CAConrad (Soma)tic Poetry: Flowers Dreaming The Elevation AllegianceThe aim of (Soma)tic poetry and poetics is the realization of two basic ideas: (1) Everything around us has a creative viability with the potential to spur new modes of thought and imaginative output. (2) The most vital ingredient to bringing sustainable, human changes to our world is creativity. Among other things we will build a Human Hibernaculum, a place for our poems to THRIVE by the very community of our workshop!

CAConrad is the author of A Beautiful Marsupial Afternoon (Wave Books, 2012), The Book of Frank (Wave Books, 2010), Advanced Elvis Course (Soft Skull Press, 2009), Deviant Propulsion (Soft Skull Press, 2006), and a collaboration with poet Frank Sherlock titled The City Real & Imagined (Factory School, 2010). He is a 2012 Ucross Fellow, a 2011 Pew Fellow, and has conducted poetry workshops in New York, Seattle, Boise, Baltimore, Philadelphia, and elsewhere.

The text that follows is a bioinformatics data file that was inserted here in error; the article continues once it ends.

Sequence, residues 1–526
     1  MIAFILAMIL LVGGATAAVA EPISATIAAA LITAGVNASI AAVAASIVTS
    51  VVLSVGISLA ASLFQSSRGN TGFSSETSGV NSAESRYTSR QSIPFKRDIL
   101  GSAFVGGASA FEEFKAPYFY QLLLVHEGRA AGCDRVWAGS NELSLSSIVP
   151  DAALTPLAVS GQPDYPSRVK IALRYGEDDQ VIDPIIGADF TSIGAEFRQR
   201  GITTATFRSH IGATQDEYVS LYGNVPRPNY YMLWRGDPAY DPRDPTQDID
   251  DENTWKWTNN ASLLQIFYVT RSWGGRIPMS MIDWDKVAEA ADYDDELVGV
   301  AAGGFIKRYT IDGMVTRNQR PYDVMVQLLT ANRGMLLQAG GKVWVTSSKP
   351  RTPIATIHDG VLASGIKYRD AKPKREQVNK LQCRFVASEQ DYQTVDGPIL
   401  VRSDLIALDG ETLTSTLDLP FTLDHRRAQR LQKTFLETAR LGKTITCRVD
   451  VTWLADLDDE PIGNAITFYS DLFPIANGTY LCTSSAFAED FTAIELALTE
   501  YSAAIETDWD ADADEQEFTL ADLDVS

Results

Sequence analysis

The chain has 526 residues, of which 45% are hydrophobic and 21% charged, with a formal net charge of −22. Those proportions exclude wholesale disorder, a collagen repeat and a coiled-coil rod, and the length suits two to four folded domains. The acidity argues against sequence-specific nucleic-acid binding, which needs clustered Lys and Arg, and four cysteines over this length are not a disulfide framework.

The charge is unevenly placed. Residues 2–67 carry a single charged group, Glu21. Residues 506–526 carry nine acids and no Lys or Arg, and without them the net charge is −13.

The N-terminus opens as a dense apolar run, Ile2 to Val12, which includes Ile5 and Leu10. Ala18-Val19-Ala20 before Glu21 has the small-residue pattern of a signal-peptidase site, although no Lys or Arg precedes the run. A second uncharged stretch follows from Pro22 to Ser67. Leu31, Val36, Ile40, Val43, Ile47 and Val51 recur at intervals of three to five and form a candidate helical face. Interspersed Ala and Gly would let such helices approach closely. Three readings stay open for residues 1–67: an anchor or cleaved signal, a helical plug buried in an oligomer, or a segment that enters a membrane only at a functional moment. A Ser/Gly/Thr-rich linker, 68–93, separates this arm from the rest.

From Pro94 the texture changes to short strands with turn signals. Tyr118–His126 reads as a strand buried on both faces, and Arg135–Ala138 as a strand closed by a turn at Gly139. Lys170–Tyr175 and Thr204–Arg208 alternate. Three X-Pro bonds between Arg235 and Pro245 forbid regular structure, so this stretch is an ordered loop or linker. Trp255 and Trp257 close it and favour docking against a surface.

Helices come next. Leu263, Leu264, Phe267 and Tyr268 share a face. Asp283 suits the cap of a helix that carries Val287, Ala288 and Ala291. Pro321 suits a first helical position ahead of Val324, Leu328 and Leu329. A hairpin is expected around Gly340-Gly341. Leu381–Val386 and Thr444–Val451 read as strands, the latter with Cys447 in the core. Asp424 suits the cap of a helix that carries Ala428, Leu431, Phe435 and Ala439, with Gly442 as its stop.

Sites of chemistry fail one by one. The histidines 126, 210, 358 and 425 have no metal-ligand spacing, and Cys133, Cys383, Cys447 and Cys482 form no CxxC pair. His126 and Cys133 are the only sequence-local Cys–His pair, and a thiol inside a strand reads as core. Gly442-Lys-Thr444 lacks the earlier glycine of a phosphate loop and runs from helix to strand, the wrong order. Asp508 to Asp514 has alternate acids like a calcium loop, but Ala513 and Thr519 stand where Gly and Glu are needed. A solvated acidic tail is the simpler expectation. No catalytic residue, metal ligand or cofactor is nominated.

Danielle Dutton Writing in PlaceWe will engage a weeklong meditation on place in writing, discussing everything from maps by Denis Wood to installations by Do-Ho Suh to fiction by Renee Gladman. We’ll consider the myriad ways writers use place as more than simple backdrop – as character, philosophy, motivation, commentary, etc. Readings will be geared toward prose, but all are welcome. Assignments and exercises will allow you to explore aspects of place in your writing.

Danielle Dutton is the author of Attempts at a Life and S P R A W L, a finalist last year for the Believer Book Award. From 2006-2012, she taught fiction writing and literature courses in the Jack Kerouac School; during four of those years she also designed books at Dalkey Archive Press. Danielle is currently assistant professor at Washington University in St. Louis, and ditor of Dorothy, a publishing project.

Allison Hedge Coke Rhizomes: Ride of a Lifetime